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How to Tell if Dog Urine Is Killing The Grass

If the grass suddenly shows yellow or brown patches in coordination with you getting a new dog or your dog getting older and bigger, it’s a good sign that your dog is responsible.

When you tug the damaged grass, if it has strong roots, your dog is probably responsible for the damage.

If grass is turning yellow or brown for other reasons, it likely will have a weak root system.

However, grass that has been damaged from above will have a strong root system but be brown or yellow on top.


How to Keep Pet Urine from Damaging Lawn

Last Updated: December 1, 2020 References Approved

This article was co-authored by Mike Garcia. Mike Garcia is a Licensed Landscape Contractor and the Founder of Enviroscape LA, a full-service landscape design and construction firm in Los Angeles, California. With over 30 years of experience, Mike specializes in sustainable landscape practices. Mike holds an Ornamental Horticulture degree, C-27 Landscape Contractor and D-49 Tree Service Contractor licenses, and Permaculture Design, California Naturalist, International Certified Professional Pond Contractor, and Pond Building certifications. He is one of eight Internationally Certified Pond Builders in the world. Enviroscape LA has won landscape and water feature awards from the International Professional Pond Contractors Association (IPPCA), National Association of Pond Professionals (NAPP), and the California Landscape Contractors Association (CLCA). Mike is a past president of the CLCA and currently serves on their local Board of Directors. Enviroscape LA has been featured in PONDS USA Magazine, Pond and Garden Lifestyles Magazine, and the Los Angeles Times. Mike has appeared on Extreme Home Makeover, HGTV's Landscapers Challenge, and A & E's series Fix That Yard.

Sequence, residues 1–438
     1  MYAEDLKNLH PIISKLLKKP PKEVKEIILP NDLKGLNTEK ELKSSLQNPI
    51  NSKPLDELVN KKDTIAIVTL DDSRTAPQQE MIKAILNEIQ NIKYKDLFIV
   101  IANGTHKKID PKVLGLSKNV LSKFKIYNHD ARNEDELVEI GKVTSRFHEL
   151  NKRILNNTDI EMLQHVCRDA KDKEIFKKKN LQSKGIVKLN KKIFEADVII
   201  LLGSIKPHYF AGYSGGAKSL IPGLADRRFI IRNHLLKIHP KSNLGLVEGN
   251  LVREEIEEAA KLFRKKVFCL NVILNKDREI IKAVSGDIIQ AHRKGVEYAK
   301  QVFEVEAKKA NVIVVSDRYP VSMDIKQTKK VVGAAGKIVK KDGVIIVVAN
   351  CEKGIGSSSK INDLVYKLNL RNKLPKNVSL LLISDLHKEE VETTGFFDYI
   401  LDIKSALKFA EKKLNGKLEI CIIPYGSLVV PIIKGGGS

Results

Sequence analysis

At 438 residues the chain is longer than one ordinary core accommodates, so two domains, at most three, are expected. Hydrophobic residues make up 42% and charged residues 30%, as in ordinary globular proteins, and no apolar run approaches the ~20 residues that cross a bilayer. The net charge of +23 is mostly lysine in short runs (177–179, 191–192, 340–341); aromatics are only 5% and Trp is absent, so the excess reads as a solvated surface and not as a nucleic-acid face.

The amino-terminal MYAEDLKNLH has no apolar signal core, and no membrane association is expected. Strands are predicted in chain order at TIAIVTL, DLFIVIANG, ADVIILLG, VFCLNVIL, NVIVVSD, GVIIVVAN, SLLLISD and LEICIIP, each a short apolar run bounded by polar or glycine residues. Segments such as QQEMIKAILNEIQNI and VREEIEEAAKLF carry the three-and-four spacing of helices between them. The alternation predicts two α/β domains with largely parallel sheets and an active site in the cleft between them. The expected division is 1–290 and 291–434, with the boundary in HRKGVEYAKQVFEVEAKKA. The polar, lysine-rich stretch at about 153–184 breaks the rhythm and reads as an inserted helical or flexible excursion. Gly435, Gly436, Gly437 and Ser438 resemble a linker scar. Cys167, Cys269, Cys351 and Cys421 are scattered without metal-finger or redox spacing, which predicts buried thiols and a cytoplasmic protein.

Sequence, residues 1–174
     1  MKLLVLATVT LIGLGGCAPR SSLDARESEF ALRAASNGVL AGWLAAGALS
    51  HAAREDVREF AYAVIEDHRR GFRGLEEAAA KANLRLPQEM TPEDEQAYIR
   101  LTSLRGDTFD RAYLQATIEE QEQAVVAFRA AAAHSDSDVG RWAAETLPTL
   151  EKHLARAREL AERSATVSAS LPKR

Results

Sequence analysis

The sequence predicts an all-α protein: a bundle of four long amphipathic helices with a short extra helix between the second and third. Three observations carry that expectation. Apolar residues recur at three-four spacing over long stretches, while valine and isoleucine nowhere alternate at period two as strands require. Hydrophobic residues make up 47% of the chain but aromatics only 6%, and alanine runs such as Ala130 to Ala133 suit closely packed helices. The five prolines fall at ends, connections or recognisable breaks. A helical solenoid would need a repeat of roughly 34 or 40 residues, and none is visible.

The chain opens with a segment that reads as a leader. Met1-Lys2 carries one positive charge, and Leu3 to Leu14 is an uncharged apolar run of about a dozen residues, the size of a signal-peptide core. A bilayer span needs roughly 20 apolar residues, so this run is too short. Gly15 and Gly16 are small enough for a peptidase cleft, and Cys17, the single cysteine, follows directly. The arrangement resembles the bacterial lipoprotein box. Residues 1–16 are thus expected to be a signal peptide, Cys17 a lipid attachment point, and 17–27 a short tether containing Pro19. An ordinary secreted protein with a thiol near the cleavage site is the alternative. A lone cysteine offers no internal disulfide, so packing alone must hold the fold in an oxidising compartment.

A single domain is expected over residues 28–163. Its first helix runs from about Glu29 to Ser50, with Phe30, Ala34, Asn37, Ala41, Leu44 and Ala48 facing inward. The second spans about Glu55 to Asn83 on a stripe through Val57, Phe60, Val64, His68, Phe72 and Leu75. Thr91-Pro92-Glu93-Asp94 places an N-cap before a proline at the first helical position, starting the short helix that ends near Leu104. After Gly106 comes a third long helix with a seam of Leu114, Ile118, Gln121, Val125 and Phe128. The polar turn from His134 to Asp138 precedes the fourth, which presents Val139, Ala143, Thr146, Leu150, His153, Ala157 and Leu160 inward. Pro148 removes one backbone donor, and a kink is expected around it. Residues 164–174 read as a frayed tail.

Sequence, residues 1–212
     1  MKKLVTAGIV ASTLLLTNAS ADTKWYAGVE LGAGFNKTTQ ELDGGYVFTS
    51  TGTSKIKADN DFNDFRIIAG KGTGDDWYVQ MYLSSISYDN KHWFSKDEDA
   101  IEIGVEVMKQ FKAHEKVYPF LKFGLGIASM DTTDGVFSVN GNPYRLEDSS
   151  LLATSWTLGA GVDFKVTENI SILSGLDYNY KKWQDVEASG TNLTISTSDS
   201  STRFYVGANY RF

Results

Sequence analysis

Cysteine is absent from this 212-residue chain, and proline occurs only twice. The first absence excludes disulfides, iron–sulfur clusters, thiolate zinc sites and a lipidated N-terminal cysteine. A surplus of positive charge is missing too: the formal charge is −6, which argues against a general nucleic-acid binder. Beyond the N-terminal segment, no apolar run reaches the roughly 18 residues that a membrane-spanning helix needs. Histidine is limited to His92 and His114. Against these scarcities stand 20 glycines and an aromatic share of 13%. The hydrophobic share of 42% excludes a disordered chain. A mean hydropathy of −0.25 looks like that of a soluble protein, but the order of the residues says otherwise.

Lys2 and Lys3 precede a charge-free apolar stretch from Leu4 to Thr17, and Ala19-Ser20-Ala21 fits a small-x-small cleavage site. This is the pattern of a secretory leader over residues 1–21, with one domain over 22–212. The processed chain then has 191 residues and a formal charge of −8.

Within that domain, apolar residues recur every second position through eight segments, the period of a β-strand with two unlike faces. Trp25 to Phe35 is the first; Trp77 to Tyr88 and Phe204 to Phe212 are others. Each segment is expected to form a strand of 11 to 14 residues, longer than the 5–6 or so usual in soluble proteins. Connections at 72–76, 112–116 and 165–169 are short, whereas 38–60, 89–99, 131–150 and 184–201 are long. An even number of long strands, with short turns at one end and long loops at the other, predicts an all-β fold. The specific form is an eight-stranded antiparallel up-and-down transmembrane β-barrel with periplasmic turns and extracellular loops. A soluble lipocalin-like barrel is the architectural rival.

There are 15 references cited in this article, which can be found at the bottom of the page.

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If you enjoy allowing your dog outside without a leash, you may also be having problems with lawn burn. This is a common problem that occurs when your dog's urine damages the grass. Lawn burn is caused by a high-level of nitrogen in dog urine. A small amount of nitrogen can be good for the grass, but an excessive amount can cause damage. [1] X Research source You can keep pet urine from damaging your lawn by adjusting your dog’s diet and habits, and by making changes to your lawn.


Can supplements help?

We’d never recommend giving your dog anything that will upset the natural pH of their pee (which doesn’t help with the brown patches anyway). This could cause all sorts of problems – infections, bladder stones etc. It’s best to use one of the methods above to help stop urine scalding on the lawn as these methods will not harm your dog.

There are products available that claim to stop your dog’s pee killing your lawn without changing the pH of their urine, for example ‘dog rocks’. If you’re considering a product like this, we’d recommend researching it thoroughly first and reading the reviews. Again, avoid anything that will upset your dog’s natural pH or give them an upset stomach - you may want to have a chat with your vet before using these products.

And maybe consider that a few brown spots on the lawn are a small price to pay to see your pampered pooch enjoying your garden!


Watch the video: How to build a dog potty area outside on your lawn